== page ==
Seattle and Denver both have overheated housing markets. Seattle might be getting some relief.

“We might actually be starting to move very slowly back toward a more balanced market.”

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What happens when an area with a booming population, rising rents and a super competitive real estate market actually gets some more housing available?

July active listings in Washington are at their highest level since September 2015, reported the Northwest Multiple Listing Service, with more than 12,000 listings added in each of the previous three month.

“We might actually be starting to move very slowly back toward a more balanced market,” OB Jacobi, president of Windermere Real Estate said in a press release for Northwest Multiple Listing Service, the agency that prepared the figures.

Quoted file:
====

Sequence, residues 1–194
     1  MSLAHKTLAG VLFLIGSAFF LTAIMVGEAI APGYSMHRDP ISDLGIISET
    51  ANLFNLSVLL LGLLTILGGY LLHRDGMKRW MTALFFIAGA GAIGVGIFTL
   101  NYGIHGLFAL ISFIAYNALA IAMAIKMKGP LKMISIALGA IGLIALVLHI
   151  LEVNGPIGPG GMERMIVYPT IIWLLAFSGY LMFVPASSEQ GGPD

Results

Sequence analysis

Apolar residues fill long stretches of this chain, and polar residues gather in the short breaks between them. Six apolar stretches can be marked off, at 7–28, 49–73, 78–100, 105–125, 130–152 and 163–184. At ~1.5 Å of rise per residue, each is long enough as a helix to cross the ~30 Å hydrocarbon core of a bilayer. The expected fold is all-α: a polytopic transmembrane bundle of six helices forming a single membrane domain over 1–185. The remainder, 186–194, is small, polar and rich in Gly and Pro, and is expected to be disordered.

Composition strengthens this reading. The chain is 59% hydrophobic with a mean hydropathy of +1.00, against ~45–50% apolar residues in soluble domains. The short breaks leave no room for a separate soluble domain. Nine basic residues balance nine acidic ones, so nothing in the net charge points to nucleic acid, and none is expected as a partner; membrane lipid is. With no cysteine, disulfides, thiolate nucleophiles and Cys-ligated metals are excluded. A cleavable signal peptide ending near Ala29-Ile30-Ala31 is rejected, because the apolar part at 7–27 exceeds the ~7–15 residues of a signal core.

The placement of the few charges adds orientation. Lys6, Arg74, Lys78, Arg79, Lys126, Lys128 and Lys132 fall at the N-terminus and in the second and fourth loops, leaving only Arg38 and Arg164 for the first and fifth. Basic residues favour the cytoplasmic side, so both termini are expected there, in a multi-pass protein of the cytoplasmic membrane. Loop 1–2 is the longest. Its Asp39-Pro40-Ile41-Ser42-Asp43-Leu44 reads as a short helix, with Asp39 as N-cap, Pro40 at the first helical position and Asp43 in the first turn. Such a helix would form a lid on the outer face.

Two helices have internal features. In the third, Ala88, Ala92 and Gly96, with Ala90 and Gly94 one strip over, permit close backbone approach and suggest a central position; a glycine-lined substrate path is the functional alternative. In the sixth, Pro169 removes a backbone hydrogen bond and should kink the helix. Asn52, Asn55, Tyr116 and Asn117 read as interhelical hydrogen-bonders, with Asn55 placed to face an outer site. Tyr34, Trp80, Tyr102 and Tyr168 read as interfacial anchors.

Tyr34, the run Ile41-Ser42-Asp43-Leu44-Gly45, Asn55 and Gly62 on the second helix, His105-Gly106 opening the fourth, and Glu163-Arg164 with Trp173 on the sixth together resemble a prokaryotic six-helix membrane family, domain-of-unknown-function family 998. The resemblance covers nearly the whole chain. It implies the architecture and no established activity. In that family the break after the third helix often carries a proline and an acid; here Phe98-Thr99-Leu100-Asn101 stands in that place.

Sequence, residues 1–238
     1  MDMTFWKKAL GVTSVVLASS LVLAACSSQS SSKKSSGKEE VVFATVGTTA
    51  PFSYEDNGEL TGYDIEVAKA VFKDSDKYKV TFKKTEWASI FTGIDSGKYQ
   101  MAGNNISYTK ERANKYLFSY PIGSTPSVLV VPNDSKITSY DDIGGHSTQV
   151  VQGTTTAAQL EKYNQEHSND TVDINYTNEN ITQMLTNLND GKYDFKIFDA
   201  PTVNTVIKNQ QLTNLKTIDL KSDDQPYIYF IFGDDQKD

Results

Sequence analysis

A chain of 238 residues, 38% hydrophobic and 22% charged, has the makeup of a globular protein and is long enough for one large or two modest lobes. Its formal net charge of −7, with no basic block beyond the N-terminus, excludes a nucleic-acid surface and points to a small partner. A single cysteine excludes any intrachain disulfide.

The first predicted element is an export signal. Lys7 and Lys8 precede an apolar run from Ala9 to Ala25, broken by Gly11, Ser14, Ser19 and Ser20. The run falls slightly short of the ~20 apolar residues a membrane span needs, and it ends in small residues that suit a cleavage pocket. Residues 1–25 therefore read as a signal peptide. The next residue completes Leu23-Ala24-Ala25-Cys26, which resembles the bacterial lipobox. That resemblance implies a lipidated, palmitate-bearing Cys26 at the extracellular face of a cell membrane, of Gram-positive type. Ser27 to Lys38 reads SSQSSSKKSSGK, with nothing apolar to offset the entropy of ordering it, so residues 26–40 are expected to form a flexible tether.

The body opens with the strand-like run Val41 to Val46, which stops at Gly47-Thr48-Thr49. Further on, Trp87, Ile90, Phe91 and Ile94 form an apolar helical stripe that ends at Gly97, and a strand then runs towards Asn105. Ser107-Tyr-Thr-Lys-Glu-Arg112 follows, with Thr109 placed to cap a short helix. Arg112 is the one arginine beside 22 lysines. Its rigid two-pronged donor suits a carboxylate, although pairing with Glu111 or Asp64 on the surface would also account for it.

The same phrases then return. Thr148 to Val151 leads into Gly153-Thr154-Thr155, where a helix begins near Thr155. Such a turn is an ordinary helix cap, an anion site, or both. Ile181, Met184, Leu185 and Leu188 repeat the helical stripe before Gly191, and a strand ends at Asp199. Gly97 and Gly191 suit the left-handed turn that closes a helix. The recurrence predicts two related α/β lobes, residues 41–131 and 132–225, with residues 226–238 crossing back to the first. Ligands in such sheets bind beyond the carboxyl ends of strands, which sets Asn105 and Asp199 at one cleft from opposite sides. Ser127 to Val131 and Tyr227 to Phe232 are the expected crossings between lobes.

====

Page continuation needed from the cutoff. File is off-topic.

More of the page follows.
Local blog Seattle Bubble looked at King County:

“In July, for the first time since September 2014, inventory did not set a new record low for the respective month.”

There, active listings went up 0.1 percent, year over year. Active listings in the Denver metro area were down 0.03 percent in the same period, according to the Denver Metro Association of Realtors.

That may not sound like much, but July’s numbers were heralded as a sign that prices continue to outstrip wages and need some sort of correction, and July is typically when inventory is supposed to peak.

It’s not a perfect comparison since each covers a different amount of area, but what a difference .13 percent makes, eh?